On apologies – Anshel Pfeffer in Haaretz:
‘Putin’s apology Thursday in a phone call to Naftali Bennett for Russian Foreign Minister Sergey Lavrov’s remarks that “Hitler also had Jewish blood” should be seen in that light. Putin doesn’t want Israel to abandon its position of near neutrality on the Russia-Ukraine war. Moscow is aware that Israel may be on the verge of taking a clearer stance on Ukraine’s side, including supplying it with “defensive” systems, and he’s eager to prevent that from happening.
It’s a fear that’s partly irrational. Israel isn’t about to supply Ukraine with a game-changing weapon; even if it wanted to, it doesn’t have those capabilities to give.
Putin’s view of what Israel can do for Ukraine is exaggerated (and some Ukrainians seem to have similar expectations). His belief in Israel’s almost mythical powers is an evolution of the antisemitic belief in Jewish power. Putin’s view isn’t so different from that of the Russian authors of “The Protocols of the Elders of Zion,” but unlike those Russian antisemites of old, he believes in trying to make the Jewish state his ally, rather than repressing the Jews.’
‘Another source of concern for Putin that’s probably greatly exaggerated is that Israel is among countries he has courted over the years that haven’t yet committed to either side in the war. He’s worried about a knock-on effect if Israel actually does move toward Ukraine.
But it’s not as if there would be a major diplomatic shift if Israel changed its position. Putin has lost the Western nations anyway. The currently neutral countries including Israel that are non-Western allies of the United States – like India, Egypt and the United Arab Emirates – have various reasons for sitting on the fence. If Israel gets off the fence, it won’t change the others’ considerations, though this may have some residual effect.’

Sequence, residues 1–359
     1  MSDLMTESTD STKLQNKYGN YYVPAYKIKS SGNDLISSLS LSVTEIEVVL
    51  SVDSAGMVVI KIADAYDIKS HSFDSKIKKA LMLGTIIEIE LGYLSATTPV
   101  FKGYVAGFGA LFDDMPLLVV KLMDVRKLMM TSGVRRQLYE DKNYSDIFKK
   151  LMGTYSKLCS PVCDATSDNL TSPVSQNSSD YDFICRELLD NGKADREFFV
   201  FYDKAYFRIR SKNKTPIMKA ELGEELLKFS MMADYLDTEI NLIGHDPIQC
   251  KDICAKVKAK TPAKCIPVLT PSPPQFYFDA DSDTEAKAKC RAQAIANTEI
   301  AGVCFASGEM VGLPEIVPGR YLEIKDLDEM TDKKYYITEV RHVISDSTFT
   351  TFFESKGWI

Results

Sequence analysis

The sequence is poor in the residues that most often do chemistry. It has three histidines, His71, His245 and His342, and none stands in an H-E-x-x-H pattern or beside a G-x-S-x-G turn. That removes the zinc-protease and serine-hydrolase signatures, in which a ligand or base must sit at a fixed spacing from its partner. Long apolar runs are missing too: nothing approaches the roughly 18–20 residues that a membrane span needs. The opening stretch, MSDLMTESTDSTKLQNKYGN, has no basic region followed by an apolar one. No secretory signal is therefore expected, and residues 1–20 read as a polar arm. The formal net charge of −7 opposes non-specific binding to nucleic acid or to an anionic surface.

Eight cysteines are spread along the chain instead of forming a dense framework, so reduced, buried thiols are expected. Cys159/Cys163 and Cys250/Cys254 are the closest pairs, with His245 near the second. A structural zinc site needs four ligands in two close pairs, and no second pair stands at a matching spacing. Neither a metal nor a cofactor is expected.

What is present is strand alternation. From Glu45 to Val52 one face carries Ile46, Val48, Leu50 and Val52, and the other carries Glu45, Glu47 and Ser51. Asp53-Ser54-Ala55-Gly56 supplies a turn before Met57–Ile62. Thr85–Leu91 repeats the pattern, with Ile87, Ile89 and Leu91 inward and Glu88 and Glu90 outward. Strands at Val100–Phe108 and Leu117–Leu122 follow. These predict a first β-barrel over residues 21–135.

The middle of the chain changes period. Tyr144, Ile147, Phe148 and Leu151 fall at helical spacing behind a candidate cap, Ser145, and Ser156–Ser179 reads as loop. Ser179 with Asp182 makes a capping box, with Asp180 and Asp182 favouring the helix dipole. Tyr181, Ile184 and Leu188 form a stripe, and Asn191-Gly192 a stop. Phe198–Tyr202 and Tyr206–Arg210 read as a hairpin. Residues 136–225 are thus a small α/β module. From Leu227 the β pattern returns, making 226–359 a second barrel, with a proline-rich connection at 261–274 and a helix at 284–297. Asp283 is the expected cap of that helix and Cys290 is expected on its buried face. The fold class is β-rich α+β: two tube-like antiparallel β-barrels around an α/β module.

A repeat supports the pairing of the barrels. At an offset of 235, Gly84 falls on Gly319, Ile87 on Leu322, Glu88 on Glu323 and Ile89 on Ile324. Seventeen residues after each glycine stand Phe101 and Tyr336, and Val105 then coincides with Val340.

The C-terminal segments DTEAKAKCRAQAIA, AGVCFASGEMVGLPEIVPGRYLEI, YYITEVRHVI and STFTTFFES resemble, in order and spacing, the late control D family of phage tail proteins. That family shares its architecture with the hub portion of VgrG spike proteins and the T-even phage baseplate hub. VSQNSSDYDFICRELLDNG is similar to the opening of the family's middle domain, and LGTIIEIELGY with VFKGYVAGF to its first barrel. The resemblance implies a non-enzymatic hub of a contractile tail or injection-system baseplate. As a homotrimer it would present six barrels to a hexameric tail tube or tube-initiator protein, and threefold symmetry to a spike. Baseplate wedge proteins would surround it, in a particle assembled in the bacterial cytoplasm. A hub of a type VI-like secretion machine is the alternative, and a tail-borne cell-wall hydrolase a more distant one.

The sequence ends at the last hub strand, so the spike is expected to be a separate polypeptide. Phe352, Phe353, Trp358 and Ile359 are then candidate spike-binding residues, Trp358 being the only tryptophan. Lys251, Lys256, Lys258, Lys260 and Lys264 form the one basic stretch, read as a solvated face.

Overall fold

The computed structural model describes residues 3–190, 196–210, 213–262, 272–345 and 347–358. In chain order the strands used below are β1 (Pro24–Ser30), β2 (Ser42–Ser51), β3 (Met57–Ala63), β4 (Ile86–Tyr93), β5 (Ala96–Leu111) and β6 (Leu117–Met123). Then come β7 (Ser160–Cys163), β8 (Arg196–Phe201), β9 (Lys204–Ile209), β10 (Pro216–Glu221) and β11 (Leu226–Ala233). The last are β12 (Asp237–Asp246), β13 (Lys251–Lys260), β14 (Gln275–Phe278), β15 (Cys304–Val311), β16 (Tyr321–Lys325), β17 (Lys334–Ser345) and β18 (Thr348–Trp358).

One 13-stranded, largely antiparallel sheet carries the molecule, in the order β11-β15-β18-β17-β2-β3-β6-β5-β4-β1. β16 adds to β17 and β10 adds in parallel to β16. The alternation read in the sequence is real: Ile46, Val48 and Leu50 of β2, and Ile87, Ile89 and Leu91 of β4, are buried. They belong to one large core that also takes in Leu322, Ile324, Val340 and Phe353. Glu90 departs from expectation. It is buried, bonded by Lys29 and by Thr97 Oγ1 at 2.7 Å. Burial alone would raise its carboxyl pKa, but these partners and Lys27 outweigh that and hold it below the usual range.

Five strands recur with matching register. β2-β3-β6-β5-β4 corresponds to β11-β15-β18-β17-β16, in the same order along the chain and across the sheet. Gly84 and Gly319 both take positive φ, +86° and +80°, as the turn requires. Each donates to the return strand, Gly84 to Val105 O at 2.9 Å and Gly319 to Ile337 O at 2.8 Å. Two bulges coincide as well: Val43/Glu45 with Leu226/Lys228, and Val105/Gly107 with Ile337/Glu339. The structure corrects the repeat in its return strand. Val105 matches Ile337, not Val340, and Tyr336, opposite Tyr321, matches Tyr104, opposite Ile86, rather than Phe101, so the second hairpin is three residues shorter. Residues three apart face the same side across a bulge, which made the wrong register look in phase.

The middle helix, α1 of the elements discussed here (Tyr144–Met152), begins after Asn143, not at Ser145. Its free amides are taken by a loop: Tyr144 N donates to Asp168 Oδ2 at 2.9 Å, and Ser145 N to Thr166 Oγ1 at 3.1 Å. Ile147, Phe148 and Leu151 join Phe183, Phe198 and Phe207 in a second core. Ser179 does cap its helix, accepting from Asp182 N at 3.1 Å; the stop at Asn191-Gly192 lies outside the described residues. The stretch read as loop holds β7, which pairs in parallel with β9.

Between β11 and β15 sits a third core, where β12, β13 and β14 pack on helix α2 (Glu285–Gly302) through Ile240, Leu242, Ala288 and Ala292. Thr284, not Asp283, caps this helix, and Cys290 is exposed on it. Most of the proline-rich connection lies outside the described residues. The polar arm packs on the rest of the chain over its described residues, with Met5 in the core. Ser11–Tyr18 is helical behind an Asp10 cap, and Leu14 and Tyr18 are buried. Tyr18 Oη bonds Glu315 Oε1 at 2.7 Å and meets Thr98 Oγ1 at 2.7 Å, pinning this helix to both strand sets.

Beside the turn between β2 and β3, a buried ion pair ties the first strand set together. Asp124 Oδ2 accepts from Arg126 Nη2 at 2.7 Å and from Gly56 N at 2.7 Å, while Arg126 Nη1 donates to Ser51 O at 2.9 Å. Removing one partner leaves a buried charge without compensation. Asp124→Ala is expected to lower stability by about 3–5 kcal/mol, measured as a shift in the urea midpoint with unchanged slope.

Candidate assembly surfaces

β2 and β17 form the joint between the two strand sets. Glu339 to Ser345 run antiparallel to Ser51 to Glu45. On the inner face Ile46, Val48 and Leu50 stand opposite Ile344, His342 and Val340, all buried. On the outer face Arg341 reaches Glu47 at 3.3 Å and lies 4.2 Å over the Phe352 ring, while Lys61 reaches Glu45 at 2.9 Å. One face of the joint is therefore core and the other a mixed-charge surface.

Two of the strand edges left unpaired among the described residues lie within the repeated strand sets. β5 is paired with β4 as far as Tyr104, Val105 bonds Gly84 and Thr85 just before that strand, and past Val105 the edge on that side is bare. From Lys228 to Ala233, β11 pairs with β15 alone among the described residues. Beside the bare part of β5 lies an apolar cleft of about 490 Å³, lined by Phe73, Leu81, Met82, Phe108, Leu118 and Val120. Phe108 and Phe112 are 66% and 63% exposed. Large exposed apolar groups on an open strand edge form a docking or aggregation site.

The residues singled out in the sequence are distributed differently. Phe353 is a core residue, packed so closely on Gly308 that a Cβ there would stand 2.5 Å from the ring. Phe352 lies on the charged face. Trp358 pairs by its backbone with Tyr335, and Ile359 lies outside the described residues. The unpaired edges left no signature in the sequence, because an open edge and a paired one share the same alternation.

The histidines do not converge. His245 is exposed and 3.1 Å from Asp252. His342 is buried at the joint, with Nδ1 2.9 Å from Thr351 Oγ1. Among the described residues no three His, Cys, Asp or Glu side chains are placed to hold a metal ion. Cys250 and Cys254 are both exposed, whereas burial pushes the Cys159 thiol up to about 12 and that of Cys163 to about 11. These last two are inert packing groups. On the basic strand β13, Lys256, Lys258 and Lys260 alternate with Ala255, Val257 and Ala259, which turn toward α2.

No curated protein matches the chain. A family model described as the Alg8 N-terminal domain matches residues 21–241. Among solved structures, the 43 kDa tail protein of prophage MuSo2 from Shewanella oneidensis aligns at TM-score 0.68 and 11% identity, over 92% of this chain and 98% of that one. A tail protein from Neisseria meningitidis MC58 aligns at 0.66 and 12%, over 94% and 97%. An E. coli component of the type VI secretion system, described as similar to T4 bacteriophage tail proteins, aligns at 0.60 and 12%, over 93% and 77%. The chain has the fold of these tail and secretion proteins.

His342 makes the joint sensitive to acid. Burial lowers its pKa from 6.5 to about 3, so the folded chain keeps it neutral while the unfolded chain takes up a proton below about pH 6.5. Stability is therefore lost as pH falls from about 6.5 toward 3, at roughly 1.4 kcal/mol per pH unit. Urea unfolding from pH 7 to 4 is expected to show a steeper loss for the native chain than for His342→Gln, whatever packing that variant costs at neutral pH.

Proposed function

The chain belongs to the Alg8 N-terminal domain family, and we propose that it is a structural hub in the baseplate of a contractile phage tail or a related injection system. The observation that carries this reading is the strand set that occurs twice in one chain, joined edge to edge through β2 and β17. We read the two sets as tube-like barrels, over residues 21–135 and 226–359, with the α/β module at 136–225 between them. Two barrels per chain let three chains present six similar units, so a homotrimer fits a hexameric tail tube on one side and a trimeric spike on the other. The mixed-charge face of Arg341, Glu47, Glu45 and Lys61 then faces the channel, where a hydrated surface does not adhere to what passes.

‘Close observers of Russian television have noticed an interesting nuance in the last couple of days: Some pundits have spoken of a Nazism that doesn’t have to be antisemitic but can be anti-Slavic or anti-Russian. In other words, the message from the Kremlin is to try to bypass the question of how a Jewish Ukrainian president can be a Nazi by saying that not all types of Nazism are antisemitic.’
‘Saying that Hitler had Jewish blood and that Jews can be the worst antisemites was perfectly in line with Russian propaganda, both going back to the Soviet era and in the current conflict. As long as Russia bases its war effort on claims that a country led by a Jewish president and with many senior officials of Jewish origin is basically a “neo-Nazi junta,” it will remain mired in the kind of antisemitic rhetoric used by Lavrov.’
Read the article here.
Putin appears to believe ‘The Protocols of the Elders of Zion’, but unlike many of his predecessors he thinks that it’s better to befriend ‘the Jews.’
In the meantime the war in Ukraine drags on, the Ukrainian appetite for territorial concessions for peace have faded quickly. Some people might think that Ukraine can win the war, well at the beginning of the war in Syria many thought that the days of Assad were over, I was one of them.
I said it before, a low-intensity war seems to fit the appetite of the major players. Till a fatal mistake will force the powers that be to intervene. One way or another.